What you need to know:
- As scenarios develop and evolve, our strategy shouldn’t involve “mixing and matching” Covid-19 vaccines.
- To contextualise this, we must first understand the rationale of immunisation.
Vaccine strategy is often a delicate balance of thoughtful preparation and strong execution, with health officials forced to act with imperfect information as they prioritise scarce resources across a broad population.
As scenarios develop and evolve, our strategy shouldn’t involve “mixing and matching” Covid-19 vaccines. To contextualise this, we must first understand the rationale of immunisation.
The primary objective of vaccination is to achieve a robust and lasting immunity against a disease. This encompasses induction of an enduring immunologic memory towards the offending pathogen (antigens) and production of persistent antibodies against the antigens.
Vaccines achieve this by teaching the body to recognise an offending pathogen by introducing either a weakened part or inactivated form of a pathogen and allowing the body to develop an effective response without potential of causing a disease.
Stronger immune response
Newer vaccines use mRNA technology to provide the body with instructions on how to make spike proteins specific to the offending pathogens. This new technology has been exploited in the development of Covid-19 vaccines, including Pfizer-BioNTech and Moderna.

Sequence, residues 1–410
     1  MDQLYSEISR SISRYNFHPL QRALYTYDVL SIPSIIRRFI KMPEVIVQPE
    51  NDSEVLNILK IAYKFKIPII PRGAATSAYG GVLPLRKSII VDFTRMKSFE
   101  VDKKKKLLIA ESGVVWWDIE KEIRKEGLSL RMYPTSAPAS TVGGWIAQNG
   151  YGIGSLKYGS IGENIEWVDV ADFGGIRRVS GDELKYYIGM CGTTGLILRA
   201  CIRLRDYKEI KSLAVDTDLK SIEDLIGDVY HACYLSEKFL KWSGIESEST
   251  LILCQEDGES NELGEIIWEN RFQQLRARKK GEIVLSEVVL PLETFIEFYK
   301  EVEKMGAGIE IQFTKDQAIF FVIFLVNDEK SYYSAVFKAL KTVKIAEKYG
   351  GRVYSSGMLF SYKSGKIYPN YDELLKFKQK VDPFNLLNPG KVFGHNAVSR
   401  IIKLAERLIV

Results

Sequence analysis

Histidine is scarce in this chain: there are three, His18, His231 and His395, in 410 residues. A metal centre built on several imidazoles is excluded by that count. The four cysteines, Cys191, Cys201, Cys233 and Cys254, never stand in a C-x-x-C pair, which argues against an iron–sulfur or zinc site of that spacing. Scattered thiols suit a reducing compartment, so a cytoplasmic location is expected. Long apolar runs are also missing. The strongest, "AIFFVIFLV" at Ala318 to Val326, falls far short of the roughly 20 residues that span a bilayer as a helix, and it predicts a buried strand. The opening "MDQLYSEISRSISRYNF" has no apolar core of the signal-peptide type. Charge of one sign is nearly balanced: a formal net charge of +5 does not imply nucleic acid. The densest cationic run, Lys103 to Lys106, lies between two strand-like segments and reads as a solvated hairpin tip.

For some vaccines, a single dose can suffice to trigger the production of long-lived antibodies and development of memory cells. For others, multiple doses are required. The first dose primes the immune system whereas the subsequent doses induce a robust response and a vigorous production of antibodies.
Data extrapolations from clinical studies have demonstrated that Pfizer-BioNTech, Moderna, Oxford-AstraZeneca, Novavax, cornonavac and the Sputnik V vaccines provoked a relatively weak immune response when given as a single dose.
There was a stronger immune response when a second dose was added. For the Johnson & Johnson vaccine, only one dose is required. n the concept of mixing and matching the Covid-19 vaccines, the idea is not yet feasible as studies are still ongoing. Mixing and matching of drugs is not a novel idea. However, the certainty of safety and efficacy have to be backed by scientific studies.
Dr Ouma is a research fellow at the International Cancer Institute. email@example.com